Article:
Infamous and famous

I don’t understand when these are used, and what the difference is. Can anyone explain?

Famous is when your known for something good like Winston Churchill. Infamous is being famous for something bad like Joseph Mengele. It can also be used to describe something like. Joseph Mengele was infamously involved with the medical experiments done at Auschwitz-Birkenau.

The Winston Churchill etc example shows a very stark way of using infamous. Here in the UK we occasionally use the word with a certain smile. When I met a friend of a friend at last, after having heard about him for years, I greeted him with "Ah, so you are the infamous Greg, I’ve heard all about your exploits! This was a very relaxed situation, otherwise I would not have used ‘infamous’ but rather ‘famous’.

N.B. You will remember that English is quite famous, some would say infamous, for its variations in spelling and stress. Here we have the stress on IN in infamous and so the pronunciation of -amous is short and flat. Famous, on the other hand, has the famous long “AY” sound. I famously enjoyed writing this :slight_smile:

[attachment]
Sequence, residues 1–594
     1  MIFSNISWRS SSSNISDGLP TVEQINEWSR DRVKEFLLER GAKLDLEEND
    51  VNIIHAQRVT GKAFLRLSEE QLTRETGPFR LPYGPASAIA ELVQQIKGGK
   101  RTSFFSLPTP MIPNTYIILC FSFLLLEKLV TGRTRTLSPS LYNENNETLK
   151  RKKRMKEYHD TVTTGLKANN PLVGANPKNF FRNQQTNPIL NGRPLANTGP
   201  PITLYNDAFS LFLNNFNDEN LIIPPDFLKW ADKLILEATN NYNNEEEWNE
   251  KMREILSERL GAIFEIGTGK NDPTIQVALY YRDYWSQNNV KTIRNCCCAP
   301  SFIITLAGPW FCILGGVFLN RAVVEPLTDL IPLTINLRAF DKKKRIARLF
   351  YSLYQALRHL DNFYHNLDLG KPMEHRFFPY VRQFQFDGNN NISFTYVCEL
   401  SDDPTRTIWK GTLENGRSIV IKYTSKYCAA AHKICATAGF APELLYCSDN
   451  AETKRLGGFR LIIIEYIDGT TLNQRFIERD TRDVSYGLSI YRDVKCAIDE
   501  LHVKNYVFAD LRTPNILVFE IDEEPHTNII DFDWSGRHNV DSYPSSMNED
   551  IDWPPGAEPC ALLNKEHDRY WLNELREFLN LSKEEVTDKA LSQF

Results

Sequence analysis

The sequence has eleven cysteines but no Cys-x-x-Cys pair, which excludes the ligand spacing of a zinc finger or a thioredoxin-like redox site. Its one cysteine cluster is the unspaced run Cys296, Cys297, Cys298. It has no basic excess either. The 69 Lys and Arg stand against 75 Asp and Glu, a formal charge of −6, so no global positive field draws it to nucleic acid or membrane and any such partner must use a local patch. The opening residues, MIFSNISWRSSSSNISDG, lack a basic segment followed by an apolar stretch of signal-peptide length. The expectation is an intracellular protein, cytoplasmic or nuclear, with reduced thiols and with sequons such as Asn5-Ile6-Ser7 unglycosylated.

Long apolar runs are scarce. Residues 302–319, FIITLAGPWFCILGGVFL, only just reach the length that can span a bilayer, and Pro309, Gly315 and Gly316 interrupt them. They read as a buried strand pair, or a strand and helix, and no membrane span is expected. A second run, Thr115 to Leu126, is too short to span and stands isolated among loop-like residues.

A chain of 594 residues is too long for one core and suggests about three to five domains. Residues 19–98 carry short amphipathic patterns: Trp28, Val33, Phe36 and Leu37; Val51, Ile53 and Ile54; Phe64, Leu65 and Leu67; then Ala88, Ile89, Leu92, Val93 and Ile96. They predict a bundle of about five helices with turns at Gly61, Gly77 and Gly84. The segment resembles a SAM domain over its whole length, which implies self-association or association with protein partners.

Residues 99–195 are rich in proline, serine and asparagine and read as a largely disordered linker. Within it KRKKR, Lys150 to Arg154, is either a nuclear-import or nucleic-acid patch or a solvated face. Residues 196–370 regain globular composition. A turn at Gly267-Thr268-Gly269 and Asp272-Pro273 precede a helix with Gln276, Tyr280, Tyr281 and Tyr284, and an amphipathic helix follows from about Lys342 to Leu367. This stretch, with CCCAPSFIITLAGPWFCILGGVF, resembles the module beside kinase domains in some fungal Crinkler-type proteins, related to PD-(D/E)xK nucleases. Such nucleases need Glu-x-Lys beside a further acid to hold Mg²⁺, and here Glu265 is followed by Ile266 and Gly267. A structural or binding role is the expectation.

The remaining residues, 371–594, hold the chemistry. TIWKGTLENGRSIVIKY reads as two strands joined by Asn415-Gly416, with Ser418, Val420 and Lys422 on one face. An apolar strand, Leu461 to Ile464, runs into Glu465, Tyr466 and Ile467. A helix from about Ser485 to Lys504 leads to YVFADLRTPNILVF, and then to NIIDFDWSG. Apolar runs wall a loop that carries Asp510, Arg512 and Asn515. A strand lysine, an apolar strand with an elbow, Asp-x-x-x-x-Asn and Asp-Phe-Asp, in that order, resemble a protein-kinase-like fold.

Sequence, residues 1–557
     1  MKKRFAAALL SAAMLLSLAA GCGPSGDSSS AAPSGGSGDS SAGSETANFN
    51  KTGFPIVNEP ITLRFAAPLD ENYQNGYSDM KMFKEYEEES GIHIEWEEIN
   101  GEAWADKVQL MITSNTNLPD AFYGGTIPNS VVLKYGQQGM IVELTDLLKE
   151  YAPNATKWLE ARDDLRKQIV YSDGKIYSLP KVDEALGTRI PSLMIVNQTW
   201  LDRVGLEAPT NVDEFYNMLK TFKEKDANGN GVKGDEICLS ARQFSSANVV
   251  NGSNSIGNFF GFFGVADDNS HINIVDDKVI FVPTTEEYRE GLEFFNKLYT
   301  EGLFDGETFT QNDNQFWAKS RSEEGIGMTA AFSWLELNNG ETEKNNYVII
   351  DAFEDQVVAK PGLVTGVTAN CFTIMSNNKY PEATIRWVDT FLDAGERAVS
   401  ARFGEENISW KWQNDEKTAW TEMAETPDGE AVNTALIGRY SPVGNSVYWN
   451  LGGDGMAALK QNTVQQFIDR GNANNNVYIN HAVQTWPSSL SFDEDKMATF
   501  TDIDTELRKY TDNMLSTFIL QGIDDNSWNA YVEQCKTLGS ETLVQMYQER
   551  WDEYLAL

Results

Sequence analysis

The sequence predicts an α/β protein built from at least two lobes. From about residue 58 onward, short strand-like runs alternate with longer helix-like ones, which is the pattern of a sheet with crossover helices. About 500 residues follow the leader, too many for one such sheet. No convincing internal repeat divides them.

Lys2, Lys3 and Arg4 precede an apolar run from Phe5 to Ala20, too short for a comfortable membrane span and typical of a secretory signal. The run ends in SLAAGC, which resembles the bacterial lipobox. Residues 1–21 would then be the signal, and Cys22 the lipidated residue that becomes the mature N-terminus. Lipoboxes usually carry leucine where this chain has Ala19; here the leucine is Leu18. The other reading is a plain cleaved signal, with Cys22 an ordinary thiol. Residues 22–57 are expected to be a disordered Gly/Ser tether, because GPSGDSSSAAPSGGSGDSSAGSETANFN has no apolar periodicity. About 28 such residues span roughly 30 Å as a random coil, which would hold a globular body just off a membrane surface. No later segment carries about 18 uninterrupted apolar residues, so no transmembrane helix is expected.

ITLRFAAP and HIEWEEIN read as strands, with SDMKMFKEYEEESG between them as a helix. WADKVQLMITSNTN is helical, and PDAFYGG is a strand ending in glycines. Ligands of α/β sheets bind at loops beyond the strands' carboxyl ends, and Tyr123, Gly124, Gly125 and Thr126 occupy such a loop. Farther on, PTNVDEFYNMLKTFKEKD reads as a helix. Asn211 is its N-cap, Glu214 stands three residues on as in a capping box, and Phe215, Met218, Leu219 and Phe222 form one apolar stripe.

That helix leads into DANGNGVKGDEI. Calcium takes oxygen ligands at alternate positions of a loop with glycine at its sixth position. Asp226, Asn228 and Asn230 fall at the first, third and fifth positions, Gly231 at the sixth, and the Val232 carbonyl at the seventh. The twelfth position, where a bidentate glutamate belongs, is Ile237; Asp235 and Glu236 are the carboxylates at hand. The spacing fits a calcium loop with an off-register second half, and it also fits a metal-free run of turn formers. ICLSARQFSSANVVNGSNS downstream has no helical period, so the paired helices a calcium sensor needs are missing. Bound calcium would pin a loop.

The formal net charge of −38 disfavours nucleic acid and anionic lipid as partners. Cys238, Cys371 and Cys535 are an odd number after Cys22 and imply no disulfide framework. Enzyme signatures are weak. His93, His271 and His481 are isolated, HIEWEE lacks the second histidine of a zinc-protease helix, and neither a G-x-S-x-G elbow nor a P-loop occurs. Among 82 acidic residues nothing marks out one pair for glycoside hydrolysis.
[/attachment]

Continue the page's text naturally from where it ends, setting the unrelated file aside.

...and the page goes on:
On a side note: I still wonder how many students of English were really surprised to find out the peculiar difference in the pronunciation of these two words… :slight_smile:

For years I thought you just needed to add the prefix to pronounce “infamous” correctly…

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It’s more of an “Infahmous”, isn’t it? Like the “ah, I see” sound.

Exactly. Pretty surprising. That’s why I like English. It’s so full of surprises despite the common belief that it’s a simple language.